Friday, Dec. 29, 1699. I have sent your poems back again, after having kept them so long from you; by which you see I am like the rest of the world, an impudent borrower, and a bad pay-master. You take more care of my health than it deserves : that of an old man is always crazy, and at present, mine is worse than usual, by a St. Anthony's fire in one of my legs : though the swelling is much abated, yet the pain is not wholly gone, and I am too weak to stand upon it. If I recover, it is possible I may attempt Homer's Iliad. A specimen of it (the first book) is now in the press, among other poems of · mine, which will make a volume in folio, of

twelve shillings' price ; and will be publish'd within
this month.? I desire, fair author, that you will
be pleas'd to continue me in your good graces,
who am with all sincerity and gratitude, .
Your most humble Servant,

and Admirer,
John DRYDEN.

7 Relying on this passage, I once supposed that the book here spoken of, his Falles, was published in January ; but it did not appear till the first week in March.

LETTER XLIII.

TO MRS. STEWARD.

MADAM, Feb. 23d. [1699-1700.] Though I have not leisure to thank you for the last trouble I gave you, yet haveing by me two lampoons lately made, I know not but they may be worth your reading; and therefore have presum'd to send them. I know not the authours; but the town will be ghessing. The BALLAD OF THE Pews, which are lately rais'd higher at St. James's church,* is by some sayd to be Mr. Manwareing, or my Lord Peterborough: the poem of THE CONFEDERATEs some think to be Mr. Walsh : the copies are both lik’d. And there are really two factions of ladyes, for the two play-houses. If you do not understand the names of some persons mention'd, I can help you to the knowledge of them. You know, Sir Tho: Skipwith is master of the play-house in Drury-lane ; and my Lord Scarsdale is the patron of Betterton's house, being in love with somebody there. The Lord Scott is second sonn to the Duchess of Monmouth. I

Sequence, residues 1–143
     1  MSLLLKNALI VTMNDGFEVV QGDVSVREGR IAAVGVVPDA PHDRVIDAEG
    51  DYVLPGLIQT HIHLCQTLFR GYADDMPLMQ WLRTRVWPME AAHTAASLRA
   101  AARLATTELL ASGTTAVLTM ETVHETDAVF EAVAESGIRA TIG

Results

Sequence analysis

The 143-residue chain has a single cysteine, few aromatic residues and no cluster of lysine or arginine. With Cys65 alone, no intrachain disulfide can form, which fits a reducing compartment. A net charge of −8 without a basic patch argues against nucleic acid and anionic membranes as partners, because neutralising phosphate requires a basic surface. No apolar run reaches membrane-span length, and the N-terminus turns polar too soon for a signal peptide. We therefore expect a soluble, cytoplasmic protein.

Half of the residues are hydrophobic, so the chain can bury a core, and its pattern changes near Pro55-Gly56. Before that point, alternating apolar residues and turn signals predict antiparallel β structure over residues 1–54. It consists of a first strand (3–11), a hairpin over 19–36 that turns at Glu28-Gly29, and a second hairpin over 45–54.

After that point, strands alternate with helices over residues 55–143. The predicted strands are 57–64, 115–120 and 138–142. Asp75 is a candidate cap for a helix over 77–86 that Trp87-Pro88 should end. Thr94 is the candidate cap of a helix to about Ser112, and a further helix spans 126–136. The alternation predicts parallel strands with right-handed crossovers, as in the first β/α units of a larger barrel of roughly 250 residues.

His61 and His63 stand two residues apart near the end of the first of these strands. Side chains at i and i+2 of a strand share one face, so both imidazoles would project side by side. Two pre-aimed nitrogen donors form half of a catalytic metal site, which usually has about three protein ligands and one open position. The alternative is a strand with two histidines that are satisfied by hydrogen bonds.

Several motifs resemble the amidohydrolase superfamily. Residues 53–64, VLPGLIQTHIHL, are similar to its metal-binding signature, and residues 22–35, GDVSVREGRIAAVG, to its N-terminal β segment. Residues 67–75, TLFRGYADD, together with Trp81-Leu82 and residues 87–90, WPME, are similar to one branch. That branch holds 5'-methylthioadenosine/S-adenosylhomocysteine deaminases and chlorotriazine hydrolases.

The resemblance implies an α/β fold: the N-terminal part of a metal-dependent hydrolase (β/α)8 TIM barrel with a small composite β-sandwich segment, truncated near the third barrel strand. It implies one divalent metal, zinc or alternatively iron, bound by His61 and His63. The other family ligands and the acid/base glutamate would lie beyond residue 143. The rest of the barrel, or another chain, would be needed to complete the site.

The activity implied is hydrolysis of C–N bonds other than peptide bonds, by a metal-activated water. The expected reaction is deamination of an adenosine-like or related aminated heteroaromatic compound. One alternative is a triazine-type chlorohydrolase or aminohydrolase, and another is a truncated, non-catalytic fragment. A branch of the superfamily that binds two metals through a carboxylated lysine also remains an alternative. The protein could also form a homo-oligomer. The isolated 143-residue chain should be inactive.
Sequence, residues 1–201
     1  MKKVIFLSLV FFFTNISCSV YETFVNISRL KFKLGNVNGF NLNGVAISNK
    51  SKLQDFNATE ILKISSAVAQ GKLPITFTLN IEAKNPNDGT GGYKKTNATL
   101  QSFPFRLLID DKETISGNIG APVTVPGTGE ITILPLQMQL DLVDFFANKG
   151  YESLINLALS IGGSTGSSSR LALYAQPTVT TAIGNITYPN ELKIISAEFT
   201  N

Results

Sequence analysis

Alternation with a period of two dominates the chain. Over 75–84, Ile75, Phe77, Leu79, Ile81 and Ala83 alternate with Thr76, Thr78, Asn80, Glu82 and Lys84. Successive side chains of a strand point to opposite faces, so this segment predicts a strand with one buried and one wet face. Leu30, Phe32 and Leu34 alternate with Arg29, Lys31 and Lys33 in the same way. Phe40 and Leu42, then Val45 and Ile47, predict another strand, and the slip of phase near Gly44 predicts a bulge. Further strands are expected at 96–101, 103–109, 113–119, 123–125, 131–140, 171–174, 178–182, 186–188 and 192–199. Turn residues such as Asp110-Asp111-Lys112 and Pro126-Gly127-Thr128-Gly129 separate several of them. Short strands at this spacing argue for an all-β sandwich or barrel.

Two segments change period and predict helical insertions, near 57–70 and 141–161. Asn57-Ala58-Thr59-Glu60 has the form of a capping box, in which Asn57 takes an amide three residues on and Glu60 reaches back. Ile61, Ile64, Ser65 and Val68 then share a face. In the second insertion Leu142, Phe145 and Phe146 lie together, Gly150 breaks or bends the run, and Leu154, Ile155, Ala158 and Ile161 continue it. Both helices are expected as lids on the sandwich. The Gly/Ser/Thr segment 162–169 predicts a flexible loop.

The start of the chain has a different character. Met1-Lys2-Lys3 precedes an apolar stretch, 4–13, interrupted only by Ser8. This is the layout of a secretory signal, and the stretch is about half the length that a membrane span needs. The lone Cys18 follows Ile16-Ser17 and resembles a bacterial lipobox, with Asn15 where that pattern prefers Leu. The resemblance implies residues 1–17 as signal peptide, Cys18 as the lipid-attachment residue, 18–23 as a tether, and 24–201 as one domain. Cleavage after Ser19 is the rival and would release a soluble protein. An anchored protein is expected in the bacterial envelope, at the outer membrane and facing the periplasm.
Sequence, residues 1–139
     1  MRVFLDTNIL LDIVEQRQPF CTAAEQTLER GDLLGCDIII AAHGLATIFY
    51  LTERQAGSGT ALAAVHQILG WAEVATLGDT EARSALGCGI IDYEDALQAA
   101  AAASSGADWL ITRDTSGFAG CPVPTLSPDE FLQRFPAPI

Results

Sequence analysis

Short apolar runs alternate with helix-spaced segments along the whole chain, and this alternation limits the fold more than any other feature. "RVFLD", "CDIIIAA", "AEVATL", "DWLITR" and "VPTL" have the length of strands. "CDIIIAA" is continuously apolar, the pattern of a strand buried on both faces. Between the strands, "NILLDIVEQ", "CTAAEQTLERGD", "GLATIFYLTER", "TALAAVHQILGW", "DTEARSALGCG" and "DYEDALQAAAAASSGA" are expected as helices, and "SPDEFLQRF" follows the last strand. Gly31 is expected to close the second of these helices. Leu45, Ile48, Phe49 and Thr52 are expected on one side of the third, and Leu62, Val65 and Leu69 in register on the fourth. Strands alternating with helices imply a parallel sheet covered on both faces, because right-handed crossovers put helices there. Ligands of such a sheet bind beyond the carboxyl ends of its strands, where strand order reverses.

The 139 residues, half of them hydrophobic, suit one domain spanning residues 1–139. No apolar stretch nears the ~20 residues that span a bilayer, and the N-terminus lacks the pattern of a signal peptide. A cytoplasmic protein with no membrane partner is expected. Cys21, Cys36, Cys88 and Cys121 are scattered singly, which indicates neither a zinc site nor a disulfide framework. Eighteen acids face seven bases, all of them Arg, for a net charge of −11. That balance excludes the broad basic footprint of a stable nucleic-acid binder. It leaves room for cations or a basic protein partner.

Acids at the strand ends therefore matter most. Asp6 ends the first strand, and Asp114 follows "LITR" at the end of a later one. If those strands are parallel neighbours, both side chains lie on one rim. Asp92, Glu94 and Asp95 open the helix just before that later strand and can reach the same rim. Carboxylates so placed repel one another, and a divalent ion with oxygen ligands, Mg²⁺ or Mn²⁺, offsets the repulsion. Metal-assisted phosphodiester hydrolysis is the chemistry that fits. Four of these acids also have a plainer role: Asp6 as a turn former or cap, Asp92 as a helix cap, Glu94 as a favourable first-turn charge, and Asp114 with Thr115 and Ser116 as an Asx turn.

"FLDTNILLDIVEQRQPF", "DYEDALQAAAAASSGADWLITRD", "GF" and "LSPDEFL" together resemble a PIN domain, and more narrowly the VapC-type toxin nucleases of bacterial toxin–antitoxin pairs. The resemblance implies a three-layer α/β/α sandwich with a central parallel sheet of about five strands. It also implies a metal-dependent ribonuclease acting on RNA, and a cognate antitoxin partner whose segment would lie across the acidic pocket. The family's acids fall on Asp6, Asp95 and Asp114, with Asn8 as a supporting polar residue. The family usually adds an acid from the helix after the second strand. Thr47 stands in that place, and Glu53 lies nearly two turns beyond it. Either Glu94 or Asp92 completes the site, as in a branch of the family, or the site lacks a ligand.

* Our author's memory here deceived him. From the ballad itself we learn, that it was the Chapel Royal at St. James's, in which the pews were raised.

. Arthur Maynwaring. See vol. i. part i. p. 546, n. 8.

need not tell you who my Lady Darentwater is ; but it may be you know not her Lord is a poet, and none of the best. Forgive this hasty billet, from Your most oblig'd Servant,

· JOHN DRYDEN. For Mrs. Stewart, Att Cotterstock near Oundle,

in Northamptonshyre, These. To be left with the Postmaster of Oundle.

The two lampoons above mentioned do not appear to have

been preserved by Mrs. Steward; at least they have not come to my hauds. However, after some fruitless inquiry concerning the former of them, which I expected to have found in the Pepysian Collection in Magdalen College, in Cambridge, I have recovered them both.Either Dryden by the Ballad of the Pews, meant only to describe it as a Ballad concerning the pews, which, &c. or it afterwards assumed a new name ; for it appears in the STATE POEMS, vol. iii. p. 372, under the following title:

A new Ballad, call’d,
The BRAWNY Bishop's Complaint.
To the tune of-Packington's Pound. 9

1.
When Burnet perceiv'd that the beautiful dames
Who flock'd to the chapel of hilly St. James,

9 This tune was extremely popular in the last century, many ballads, both on political subjects and subjects of gallantry, having been adapted to it. It is at least as old as the time of King James the First, being introduced in